Starting next month, airline passengers will not be allowed to bring aboard torch lighters, nor will they be able to place them in checked or carry-on baggage, the Civil Aeronautics Administration (CAA) said yesterday.
Torch lighters are mainly used to light cigars.
In addition, passengers carrying camera tripods or vernier calipers longer than 25cm will need to have them checked as well.
Electroshock weapons containing dangerous items such as explosives, compressed gases or lithium batteries, are prohibited in carry-on baggage or checked baggage and cannot be carried on one’s person.
Meanwhile, passengers can bring needles and syringes aboard for health reasons, provided they report the items and secure approval from aviation police in advance.
The new security regulations will apply to both domestic flights and international flights departing from Taiwan, the CAA said.
The new regulations were introduced as the Montreal-based International Civil Aeronautics Organization under the UN recently prohibited several items in a bid to reinforce aviation security, the CAA said. While the new list of prohibited items is scheduled to be officially announced on Wednesday next week, the CAA started to ban torch lighters from airplanes in January because of a fire that occurred on a Japan Airlines flight last year.
Based on an investigation by the Aviation Safety Council (AEC), the accident involved a passenger seat that was set on fire when a torch lighter slipped between the seat cushions. The fire was extinguished before the aircraft landed safely at Taiwan Taoyuan International Airport.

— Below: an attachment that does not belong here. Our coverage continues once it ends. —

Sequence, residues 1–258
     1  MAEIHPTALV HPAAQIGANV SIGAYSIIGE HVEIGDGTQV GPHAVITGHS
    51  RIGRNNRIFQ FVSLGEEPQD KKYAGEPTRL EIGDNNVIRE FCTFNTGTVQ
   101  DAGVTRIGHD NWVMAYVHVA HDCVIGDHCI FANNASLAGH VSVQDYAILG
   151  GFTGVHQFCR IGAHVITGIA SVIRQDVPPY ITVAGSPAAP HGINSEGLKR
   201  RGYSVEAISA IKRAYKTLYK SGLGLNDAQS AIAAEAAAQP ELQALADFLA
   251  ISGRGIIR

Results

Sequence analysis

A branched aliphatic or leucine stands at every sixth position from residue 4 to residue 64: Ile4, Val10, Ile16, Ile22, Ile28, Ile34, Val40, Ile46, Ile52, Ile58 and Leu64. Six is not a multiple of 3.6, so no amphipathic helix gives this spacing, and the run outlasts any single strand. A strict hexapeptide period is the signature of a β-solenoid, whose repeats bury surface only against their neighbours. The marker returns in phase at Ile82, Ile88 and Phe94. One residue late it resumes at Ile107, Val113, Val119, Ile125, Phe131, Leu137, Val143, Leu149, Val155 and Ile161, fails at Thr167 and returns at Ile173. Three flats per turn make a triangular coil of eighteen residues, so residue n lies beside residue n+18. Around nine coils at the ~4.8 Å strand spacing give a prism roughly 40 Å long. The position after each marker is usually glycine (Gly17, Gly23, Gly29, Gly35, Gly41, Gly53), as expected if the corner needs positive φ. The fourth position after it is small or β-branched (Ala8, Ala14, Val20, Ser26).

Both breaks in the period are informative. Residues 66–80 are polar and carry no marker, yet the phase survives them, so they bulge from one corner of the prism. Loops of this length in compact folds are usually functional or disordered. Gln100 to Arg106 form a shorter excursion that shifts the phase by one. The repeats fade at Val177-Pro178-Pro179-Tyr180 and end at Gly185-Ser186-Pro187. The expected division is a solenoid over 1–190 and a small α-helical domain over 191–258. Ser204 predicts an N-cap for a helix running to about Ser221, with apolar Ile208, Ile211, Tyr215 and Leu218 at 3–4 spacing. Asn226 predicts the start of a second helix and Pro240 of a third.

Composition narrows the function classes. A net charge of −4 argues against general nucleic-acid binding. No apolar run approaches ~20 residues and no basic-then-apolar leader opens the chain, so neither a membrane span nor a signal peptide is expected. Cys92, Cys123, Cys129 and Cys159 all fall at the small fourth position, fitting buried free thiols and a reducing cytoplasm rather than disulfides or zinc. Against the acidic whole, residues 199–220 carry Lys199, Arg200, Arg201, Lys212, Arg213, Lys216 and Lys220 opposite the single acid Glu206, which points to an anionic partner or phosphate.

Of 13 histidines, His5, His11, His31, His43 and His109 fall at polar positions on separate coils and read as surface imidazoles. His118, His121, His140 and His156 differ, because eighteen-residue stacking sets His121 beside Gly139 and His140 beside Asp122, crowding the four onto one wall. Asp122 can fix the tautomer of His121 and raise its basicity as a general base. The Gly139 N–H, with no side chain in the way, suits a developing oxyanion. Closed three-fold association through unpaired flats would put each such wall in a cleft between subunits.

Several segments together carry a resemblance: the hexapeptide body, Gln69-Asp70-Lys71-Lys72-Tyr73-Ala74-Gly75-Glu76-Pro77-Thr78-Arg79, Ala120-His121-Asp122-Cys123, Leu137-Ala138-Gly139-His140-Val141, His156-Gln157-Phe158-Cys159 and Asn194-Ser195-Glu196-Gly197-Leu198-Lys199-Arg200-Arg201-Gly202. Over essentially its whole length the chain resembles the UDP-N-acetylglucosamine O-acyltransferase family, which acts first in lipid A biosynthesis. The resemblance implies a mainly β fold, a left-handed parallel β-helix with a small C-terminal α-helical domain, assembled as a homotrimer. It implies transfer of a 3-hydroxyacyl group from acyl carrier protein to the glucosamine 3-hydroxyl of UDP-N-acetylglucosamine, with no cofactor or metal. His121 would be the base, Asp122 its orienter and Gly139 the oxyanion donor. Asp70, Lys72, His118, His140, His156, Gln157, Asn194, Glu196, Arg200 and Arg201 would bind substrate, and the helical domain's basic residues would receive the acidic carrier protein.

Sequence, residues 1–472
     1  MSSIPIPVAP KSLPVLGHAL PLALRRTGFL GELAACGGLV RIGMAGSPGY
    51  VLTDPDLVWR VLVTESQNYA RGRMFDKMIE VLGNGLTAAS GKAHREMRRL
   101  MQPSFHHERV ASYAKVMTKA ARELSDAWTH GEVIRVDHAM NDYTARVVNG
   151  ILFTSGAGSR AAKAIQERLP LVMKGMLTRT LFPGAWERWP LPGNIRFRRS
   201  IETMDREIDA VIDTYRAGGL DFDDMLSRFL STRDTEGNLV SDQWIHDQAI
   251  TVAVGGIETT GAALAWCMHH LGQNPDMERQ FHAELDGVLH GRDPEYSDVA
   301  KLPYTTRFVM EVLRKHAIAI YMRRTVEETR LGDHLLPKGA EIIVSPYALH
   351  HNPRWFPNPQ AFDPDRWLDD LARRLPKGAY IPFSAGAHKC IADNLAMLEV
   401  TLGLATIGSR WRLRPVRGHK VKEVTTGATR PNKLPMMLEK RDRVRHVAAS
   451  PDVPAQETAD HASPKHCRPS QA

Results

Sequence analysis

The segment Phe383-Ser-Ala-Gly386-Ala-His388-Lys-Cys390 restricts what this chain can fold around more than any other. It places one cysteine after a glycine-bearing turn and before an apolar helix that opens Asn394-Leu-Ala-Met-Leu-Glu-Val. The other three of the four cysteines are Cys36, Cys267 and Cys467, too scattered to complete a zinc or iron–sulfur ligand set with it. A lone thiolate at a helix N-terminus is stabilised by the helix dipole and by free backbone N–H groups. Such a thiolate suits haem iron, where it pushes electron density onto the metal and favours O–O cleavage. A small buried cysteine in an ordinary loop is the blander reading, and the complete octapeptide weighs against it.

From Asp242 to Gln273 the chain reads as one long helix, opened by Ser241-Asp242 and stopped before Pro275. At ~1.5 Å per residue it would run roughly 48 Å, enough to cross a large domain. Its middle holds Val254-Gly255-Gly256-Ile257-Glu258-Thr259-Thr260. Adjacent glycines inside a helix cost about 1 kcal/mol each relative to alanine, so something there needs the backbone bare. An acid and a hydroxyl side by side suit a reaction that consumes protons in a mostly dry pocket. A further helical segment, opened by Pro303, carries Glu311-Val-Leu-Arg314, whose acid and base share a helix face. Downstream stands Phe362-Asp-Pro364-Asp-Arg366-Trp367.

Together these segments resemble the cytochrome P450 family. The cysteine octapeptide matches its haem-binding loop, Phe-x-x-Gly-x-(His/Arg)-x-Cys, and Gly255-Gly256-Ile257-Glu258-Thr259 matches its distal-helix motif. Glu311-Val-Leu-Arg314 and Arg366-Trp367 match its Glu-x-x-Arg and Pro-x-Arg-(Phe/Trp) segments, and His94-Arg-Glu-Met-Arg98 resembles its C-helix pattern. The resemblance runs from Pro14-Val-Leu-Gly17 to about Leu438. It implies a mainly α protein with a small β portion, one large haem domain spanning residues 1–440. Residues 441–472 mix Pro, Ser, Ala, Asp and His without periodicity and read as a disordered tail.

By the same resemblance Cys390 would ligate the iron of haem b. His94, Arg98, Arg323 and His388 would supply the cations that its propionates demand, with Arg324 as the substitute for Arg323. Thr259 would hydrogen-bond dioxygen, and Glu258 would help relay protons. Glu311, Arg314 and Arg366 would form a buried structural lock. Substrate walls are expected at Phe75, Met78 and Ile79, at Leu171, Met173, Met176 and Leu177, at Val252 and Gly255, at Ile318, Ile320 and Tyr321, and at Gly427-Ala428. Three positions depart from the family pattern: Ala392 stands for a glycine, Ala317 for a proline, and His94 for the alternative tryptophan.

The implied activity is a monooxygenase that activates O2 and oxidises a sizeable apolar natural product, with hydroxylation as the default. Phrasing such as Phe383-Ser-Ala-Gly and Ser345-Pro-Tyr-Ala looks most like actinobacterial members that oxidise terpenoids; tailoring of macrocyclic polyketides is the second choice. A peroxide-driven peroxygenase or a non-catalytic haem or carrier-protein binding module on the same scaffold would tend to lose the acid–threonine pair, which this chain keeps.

Under the new regulations, passengers are only permitted to carry on their person one small packet of safety matches or one regular cigarette lighter. They cannot place the matches or the lighter in either carry-on or check-in luggage.
Passengers found to have -lighters on them will be asked to strike the lighters to show the flame to aviation police. The lighters will be confiscated if they produce a blue flame.
The CAA banned long camera tripods from carry-on luggage because they can be used as weapons, adding that those bringing cameras that have a small, foldable tripod attachment are exempt from the rule.
The new regulations also set limitations on lithium batteries because they are pyrophoric.
Passengers can only put lithium batteries in carry-on luggage, provided they are covered in insulation tape or placed in plastic bags.
Lithium batteries in portable electronic devices, including watches, calculators, cameras, mobile phones, laptops or videocameras, can be carried aboard without prior approval.
With airline approval, passengers may carry a maximum of two lithium batteries between 100 Watt-hours and 160 Watt-hours. Batteries used to power wheelchairs or mobile aids, security-type equipment or portable medical electronic devices must observe the regulations stated in the UN Manual of Test and Criteria.